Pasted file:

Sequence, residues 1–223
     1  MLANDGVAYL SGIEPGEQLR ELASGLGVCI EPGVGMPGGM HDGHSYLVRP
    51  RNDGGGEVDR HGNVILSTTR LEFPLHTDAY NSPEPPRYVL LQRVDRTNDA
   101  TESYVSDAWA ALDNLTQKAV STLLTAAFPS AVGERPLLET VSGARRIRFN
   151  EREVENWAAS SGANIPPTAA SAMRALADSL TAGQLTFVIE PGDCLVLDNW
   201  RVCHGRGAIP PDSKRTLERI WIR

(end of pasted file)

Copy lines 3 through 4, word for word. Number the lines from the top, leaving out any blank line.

    51  RNDGGGEVDR HGNVILSTTR LEFPLHTDAY NSPEPPRYVL LQRVDRTNDA
   101  TESYVSDAWA ALDNLTQKAV STLLTAAFPS AVGERPLLET VSGARRIRFN